OBJECTIVE- The Diabetes Care Protocol (DCP), a multifaceted computerized decision support diabetes management intervention, reduces cardiovascular risk of type 2 diabetic patients. We performed a cost-effectiveness analysis of DCP from a Dutch health care perspective. RESEARCH DESIGN AND METHODS- A cluster randomized trial provided data of DCP versus usual care. The 1-year follow-up patient data were extrapolated using a modified Dutch microsimulation diabetes model, computing individual lifetime health-related costs, and health effects. Incremental costs and effectiveness (quality-adjusted life-years [QALYs]) were estimated using multivariate generalized estimating equations to correct for practice-level clustering and confounding. Incremental cost-effectiveness ratios (ICERs) were calculated and cost-effectiveness acceptability curves were created. Stroke costs were calculated separately. Subgroup analyses examined patients with and without cardiovascular disease (CVD+ or CVD-patients, respectively). RESULTS- Excluding stroke, DCP patients lived longer (0.14 life-years, P = NS), experienced more QALYs (0.037, P=NS), and incurred higher total costs (€1,415, P=NS), resulting in an ICER of €38,243 per QALY gained. The likelihood of cost-effectiveness given a willingnessto-pay threshold of €20,000 per QALY gained is 30%. DCP had a more favorable effect on CVD+ patients (ICER=€14,814) than for CVD-patients (ICER=€121,285). Coronary heart disease costs were reduced (€-587, P < 0.05). CONCLUSIONS- DCP reduces cardiovascular risk, resulting in only a slight improvement in QALYs, lower CVD costs, but higher total costs, with a high cost-effectiveness ratio. Cost-effective care can be achieved by focusing on cardiovascular risk factors in type 2 diabetic patients with a history of CVD.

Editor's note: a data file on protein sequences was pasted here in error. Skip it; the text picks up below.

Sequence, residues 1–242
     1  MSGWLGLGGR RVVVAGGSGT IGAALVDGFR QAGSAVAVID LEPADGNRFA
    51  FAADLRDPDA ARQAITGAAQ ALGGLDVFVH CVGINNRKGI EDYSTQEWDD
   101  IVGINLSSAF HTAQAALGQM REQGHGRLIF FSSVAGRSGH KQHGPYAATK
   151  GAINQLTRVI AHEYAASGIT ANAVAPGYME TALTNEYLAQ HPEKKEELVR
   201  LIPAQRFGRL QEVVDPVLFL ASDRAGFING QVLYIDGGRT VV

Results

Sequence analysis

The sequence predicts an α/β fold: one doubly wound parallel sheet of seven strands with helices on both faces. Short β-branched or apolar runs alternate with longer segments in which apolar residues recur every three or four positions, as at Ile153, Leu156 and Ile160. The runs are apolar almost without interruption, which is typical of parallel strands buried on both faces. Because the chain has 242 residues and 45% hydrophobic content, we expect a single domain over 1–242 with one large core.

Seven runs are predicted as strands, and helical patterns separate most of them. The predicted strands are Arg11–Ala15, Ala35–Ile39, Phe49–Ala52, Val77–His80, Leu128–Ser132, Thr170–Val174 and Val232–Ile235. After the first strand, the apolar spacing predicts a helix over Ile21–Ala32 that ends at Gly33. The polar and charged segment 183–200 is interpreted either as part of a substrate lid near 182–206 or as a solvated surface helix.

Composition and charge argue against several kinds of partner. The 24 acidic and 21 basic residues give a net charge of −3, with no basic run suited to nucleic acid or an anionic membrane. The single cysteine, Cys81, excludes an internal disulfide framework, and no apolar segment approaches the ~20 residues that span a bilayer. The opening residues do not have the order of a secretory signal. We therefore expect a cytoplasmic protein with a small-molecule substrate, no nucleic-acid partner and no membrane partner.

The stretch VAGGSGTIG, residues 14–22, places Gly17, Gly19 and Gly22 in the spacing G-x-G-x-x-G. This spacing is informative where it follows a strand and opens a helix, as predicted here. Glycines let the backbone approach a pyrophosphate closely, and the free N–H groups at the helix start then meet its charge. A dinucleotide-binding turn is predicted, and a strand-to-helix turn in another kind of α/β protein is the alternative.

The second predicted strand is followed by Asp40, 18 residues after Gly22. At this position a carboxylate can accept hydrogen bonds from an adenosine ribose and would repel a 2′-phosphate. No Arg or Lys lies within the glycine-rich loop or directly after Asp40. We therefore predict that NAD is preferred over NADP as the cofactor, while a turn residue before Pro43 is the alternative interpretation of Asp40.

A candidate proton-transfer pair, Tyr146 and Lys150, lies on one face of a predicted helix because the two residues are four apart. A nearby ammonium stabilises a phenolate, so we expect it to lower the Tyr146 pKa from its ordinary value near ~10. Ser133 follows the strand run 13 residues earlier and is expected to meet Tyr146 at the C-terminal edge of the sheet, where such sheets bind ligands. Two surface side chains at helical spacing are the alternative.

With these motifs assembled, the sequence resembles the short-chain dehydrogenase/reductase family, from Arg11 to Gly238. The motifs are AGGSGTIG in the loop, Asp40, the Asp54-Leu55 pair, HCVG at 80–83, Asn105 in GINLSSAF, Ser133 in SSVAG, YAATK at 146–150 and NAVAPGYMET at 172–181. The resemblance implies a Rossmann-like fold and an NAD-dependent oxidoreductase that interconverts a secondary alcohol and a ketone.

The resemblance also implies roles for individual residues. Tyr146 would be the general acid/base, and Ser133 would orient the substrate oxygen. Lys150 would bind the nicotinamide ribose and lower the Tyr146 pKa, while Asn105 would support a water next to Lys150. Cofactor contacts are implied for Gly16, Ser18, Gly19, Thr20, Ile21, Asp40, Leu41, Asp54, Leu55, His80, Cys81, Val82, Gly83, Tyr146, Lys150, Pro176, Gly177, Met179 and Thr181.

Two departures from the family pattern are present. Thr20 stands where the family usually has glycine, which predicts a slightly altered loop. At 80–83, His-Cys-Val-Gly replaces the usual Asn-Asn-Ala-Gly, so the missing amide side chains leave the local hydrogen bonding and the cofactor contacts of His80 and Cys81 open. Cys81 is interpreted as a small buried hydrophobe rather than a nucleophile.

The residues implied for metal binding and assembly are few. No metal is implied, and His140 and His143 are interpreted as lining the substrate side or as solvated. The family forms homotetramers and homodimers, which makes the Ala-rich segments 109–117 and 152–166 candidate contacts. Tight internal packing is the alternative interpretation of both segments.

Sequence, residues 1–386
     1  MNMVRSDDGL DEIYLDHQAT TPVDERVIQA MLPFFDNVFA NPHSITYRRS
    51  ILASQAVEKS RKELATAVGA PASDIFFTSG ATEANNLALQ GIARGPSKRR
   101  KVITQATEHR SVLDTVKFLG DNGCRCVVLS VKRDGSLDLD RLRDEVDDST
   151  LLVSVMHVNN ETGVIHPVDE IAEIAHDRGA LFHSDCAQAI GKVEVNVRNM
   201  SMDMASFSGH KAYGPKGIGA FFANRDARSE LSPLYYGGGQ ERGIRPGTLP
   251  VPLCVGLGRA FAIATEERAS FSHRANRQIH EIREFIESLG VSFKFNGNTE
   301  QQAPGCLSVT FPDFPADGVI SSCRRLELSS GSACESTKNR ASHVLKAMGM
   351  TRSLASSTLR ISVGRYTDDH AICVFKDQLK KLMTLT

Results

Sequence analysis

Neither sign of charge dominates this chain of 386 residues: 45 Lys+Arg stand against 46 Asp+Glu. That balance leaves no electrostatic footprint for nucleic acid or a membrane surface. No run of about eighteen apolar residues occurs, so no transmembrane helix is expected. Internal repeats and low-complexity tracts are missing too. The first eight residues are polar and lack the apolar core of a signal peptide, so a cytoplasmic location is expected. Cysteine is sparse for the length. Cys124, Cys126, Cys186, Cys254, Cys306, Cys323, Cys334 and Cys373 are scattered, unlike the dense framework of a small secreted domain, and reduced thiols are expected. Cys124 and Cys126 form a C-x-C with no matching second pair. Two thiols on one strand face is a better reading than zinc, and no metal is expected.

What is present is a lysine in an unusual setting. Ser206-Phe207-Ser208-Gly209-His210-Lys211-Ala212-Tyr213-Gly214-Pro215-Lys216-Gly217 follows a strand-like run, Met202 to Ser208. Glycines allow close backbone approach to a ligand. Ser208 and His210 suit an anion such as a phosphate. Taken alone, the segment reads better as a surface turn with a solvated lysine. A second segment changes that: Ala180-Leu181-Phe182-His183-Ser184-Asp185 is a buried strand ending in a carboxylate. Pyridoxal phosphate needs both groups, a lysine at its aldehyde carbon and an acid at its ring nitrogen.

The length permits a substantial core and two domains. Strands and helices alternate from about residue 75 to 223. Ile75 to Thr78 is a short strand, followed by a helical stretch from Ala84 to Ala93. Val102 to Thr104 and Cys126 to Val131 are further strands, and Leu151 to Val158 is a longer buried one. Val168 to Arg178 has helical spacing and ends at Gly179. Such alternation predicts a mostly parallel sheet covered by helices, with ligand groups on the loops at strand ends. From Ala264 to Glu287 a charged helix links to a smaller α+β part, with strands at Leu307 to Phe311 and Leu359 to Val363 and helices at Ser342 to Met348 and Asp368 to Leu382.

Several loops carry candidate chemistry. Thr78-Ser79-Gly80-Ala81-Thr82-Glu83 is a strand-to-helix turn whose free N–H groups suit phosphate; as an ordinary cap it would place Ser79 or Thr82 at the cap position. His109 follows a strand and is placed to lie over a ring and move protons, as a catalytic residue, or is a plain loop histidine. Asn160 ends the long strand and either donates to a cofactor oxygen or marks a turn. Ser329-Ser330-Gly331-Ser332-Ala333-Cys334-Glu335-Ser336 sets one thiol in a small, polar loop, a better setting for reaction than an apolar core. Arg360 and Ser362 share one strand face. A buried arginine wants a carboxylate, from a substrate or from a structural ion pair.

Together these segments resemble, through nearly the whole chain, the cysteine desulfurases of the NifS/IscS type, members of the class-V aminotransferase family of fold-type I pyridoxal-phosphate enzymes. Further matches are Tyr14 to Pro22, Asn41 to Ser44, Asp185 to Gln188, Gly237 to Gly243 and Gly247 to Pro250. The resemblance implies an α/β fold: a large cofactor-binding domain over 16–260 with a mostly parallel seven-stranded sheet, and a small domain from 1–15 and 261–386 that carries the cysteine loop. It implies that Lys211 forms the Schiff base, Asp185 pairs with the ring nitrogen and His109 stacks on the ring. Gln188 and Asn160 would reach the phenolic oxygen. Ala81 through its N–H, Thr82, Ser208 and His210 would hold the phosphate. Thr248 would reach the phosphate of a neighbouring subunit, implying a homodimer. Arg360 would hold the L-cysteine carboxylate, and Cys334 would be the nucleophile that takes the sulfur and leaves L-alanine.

ASJC Scopus subject areas
- Internal Medicine
- Endocrinology, Diabetes and Metabolism
- Advanced and Specialized Nursing